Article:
Surely Nothing Will Go Wrong With The FBI’s Facial Recognition Database

Senior Contributor
04.15.14 5 Comments

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There’s a lot that’s been written about what might happen when the government finally gets a facial recognition program up and running. And apparently the FBI will be putting those predictions to the test as soon as this summer, because that’s when their facial recognition database will be up and running!

Essentially, this is part of the FBI’s Next Generation Identification program, or NGI. The Electronic Frontier Foundation has been suing the FBI for more information, amid all the other lawsuits it has out against the FBI, and the FBI finally acknowledged a FOIA request and coughed up the relevant data. It’s pretty much exactly what you’d expect, according to the EFF:

The records we received show that the face recognition component of NGI may include as many as 52 million face images by 2015. The new records reveal that the database will be capable of processing 55,000 direct photo enrollments daily and of conducting tens of thousands of searches every day.

One of our biggest concerns about NGI has been the fact that it will include non-criminal as well as criminal face images. We now know that FBI projects that by 2015, the database will include 4.3 million images taken for non-criminal purposes.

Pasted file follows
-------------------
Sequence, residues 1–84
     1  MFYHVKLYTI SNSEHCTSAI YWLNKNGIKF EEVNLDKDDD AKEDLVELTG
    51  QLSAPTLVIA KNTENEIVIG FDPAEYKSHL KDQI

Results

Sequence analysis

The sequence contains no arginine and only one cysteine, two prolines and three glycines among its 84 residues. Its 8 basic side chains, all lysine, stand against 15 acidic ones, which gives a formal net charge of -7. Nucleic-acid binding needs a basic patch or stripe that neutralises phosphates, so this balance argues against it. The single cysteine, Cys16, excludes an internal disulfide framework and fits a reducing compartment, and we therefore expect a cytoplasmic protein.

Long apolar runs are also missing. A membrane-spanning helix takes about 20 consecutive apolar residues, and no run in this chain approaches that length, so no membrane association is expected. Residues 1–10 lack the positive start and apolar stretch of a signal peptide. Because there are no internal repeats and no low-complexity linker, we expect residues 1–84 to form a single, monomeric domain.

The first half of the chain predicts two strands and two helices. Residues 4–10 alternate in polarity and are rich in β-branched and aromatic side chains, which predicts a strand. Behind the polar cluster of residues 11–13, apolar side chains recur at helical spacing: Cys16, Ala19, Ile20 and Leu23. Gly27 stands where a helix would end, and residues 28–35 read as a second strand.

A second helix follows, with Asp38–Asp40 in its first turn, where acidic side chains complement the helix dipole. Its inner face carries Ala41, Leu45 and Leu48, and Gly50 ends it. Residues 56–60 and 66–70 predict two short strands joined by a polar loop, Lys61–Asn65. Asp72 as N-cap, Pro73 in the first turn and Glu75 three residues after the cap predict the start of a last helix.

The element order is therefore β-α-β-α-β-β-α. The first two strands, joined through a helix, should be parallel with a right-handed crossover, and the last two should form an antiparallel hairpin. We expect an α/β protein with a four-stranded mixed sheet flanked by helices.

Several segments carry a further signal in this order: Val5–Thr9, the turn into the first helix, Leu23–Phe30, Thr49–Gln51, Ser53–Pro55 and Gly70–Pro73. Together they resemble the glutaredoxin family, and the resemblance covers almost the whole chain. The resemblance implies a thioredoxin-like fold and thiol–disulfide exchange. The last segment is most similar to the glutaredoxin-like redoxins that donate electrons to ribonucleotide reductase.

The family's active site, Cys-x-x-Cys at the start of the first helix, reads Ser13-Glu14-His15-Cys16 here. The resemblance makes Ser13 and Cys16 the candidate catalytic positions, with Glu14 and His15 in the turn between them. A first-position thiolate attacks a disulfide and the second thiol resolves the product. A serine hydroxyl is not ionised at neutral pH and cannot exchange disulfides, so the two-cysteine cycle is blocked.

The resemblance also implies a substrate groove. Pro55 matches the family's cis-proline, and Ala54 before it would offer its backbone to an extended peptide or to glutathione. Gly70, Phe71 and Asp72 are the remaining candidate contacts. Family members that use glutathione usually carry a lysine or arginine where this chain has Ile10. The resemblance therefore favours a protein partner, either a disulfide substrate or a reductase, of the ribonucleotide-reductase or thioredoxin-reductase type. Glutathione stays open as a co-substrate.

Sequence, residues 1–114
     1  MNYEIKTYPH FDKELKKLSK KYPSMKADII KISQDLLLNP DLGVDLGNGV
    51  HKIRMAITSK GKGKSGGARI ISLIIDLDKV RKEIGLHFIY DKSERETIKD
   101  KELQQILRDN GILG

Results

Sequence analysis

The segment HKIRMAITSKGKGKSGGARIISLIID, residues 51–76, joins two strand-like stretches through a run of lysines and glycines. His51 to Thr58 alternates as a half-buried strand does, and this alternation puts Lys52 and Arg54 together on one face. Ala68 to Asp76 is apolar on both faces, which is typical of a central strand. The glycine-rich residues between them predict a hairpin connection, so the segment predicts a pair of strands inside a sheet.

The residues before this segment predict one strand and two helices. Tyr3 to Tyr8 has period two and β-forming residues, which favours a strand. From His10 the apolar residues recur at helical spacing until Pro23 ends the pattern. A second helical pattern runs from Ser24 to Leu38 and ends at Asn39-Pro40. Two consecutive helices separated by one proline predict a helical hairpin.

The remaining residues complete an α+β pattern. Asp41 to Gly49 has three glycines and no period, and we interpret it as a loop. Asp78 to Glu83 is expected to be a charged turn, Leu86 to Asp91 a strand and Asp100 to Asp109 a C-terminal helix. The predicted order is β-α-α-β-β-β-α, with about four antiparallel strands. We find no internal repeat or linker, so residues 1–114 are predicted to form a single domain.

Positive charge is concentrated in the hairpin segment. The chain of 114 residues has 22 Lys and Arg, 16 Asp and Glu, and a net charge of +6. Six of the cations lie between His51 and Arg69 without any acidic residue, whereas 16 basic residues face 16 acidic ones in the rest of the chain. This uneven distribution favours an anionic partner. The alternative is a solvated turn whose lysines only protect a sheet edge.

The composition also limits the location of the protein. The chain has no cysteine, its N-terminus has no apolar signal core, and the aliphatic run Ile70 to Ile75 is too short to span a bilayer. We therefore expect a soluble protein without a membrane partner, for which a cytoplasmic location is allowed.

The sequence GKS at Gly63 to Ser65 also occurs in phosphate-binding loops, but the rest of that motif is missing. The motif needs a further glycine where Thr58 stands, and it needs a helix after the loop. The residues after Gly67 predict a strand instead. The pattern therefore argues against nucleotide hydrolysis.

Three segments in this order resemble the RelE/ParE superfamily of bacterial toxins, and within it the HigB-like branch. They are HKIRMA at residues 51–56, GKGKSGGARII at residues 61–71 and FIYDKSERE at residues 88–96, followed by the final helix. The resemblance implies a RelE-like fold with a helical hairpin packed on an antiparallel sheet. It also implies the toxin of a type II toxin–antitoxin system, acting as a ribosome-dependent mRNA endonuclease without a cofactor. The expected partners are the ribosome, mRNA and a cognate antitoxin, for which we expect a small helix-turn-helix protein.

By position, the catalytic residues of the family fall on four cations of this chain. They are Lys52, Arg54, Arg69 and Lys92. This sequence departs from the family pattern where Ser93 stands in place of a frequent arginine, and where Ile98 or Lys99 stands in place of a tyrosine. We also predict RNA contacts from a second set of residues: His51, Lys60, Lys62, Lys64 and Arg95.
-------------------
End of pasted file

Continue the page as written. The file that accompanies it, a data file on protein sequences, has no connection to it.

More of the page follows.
If you’re wondering what “criminal face images” are, think mugshots. Also, we are 99% sure the FBI is actually lying on here, for two reasons. One, the FBI hates the EFF, for obvious reasons.

Two, there’s a massive database of non-criminal faces sitting out on the Internet for any moron with a photo scraper to pick up, that’s named Facebook, for God’s sake. The FBI may not be adding Facebook images to their database yet… but it’s in the works, we guarantee it.

Being as this is a government project, the EFF also turned up some hilarious incompetence. The average resolution of the images in the database were… .75 megapixels. Yes, that decimal place is intentional. Also, the FBI is merging criminal and non-criminal databases, and claims it’s not responsible if their system screws up and returns a hit on a background check. This will last for precisely the length of one lawsuit.

The NGI system is probably never going to function as advertised. Still, it’s worth being concerned about, and it’s only a matter of time before the system screws up. So, if you go to the airport a year or two from now, and are bomb-squaded by five rentacops and six air marshals, you’ll at least know who to blame.

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